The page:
The ‘gum squad is headed upstate to Basilica Soundscape this weekend to see Angel Olsen, Cobalt, Wolves In The Throne Room, Explosions In The Sky, and a bunch of other shit that will sound real good in a big, old, spooky factory. Perfect timing, too, because it’s finally starting to feel like fall. It’s been a great week for new music; check out the best of the best below.
It’s hard to explain why music can feel so good when it hurts so bad, but when you hear a singular, guttural voice like Elaine Edenfield of Warehouse, it gets a hell of a lot easier. The deft control of her vocal cords that she exhibits is enough to marvel at, but then you add some devastating lyrics and the perfect sound environment for the combination to thrive in and you could hurt for days. All of that comes together exquisitely on “Super Low.” Edenfield’s relentlessly piercing reflections on loss and the dark corners the mind can take us to are beautifully offset by a gleaming guitar riff and subtle drums that clear space for her unique voice to shine. This is a song about suffering, but it doesn’t force the listener to suffer. That is a hard balance to pull off, but Warehouse nestled into that bittersweet spot perfectly. –Collin
For Touché Amoré’s Jeremy Bolm, Halloween will never be the same. It will forever be associated with the night that he found out his mom died of cancer while performing at a show on the other side of the country. Death has a way of recontextualizing things like that, leaving painful remembrances in its wake. “New Halloween,” one of the many highlights on Stage Four, takes place on the anniversary of that night, and it finds Bolm rehashing old thoughts he’s surely had countless times since it happened: “Told myself I was where you’d want me to be,” “told myself you would be proud of me.” It’s shocking how long those wounds take to heal, and the track’s stormy rage indicate that Bolm is not yet at ease. He can no longer listen to certain songs — on Benji, on Plans — because the feelings they dredge up are too much to bear; he sees his mother in everything, and is both comforted and haunted by those reminders. “How has it only been a year?” he wonders. When someone dies, life gets separate into pre- and post. Before and after, and the after can often feel both interminable and all too quick. “New Halloween” is about trying to come to terms with that demarcation, between the new way and the old. –James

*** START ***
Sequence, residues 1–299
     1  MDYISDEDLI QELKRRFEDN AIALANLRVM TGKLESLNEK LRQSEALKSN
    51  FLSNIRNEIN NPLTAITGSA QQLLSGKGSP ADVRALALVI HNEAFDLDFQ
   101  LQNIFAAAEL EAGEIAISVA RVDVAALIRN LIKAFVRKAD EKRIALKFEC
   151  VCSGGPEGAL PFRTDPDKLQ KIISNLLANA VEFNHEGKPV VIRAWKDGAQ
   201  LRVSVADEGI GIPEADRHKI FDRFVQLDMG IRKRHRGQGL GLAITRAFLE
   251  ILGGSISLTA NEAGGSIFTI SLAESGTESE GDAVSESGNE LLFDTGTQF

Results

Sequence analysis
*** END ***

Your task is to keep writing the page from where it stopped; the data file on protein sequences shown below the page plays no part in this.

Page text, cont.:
Jana Hunter says that “Real Thing,” a song sung from the perspective of a happily married woman who likes to go out and fuck strangers, was inspired by a letter in the advice column of the ancient porno mag Oui. “I just love to get out and get it on,” she sighs, investing a melancholy and a dignity into a sentiment that’s not exactly saintly. There are lots of ways for musicians to conjure beauty, but it’s a strange and perverse and fascinating choice to conjure beauty when you’re singing about this. But that’s what Lower Dens do, translating the cosmic drift of fellow Baltimoreans Beach House into a stately old-school prom ballad. The music is lush and gauzy and just flatly gorgeous, but when it reaches the part of the song where Hunter is doing the slow-spoken intonation thing, here’s what she’s saying: “I love you, but it’s not enough. Baby, I just know there’s so much more.” It’s a song called “Real Thing” about not caring about the real thing — a song as audacious as it is rapturous. –Tom
A few years ago, I saw Kim Gordon perform in an experimental round-robin at a church somewhere in Brooklyn. She brought out her guitar, a collection of pedals, and made some sounds that sent a lot of the surrounding audience reeling. It was a torrent of abrasive, grating, overpowering noise, and it totally consumed me. The way Gordon sculpts noise into towering, unconventional melodies reminds me of how limitless our appreciation for sound can be. She did it with Sonic Youth, she does it with Body/Head, and now she’s making that same magic under her own name. “Murdered Out” is as abrasive as it is melodic, a limitless racket that could soundtrack the moments before a car crash. It’s good. I want more of it. —Gabriela
Every new D.R.A.M. single is somehow more life-affirming than the last. In case you were worried history might remember him as just “the ‘Cha Cha’ guy” (or worse, “the guy ‘Hotline Bling’ ripped off”), he teamed up with Yachty for “Broccoli,” a sneakily profound piano-plinking masterpiece that was truly, contagiously beyond all that fuck shit. And now he’s back with another exuberant ebony-and-ivory loop courtesy of the highly underrated Ricky “Wallpaper” Reed, extolling the virtues of finally not being broke. You can practically feel the weight lifting off his frame as he explains, “I used to get the coldest shoulders/ But now I get the hottest ass.” And although his posturing here is verging on elitist — please respect the Five Guys cashier’s hustle! — the joy he’s tapping into could not be more inclusive. –Chris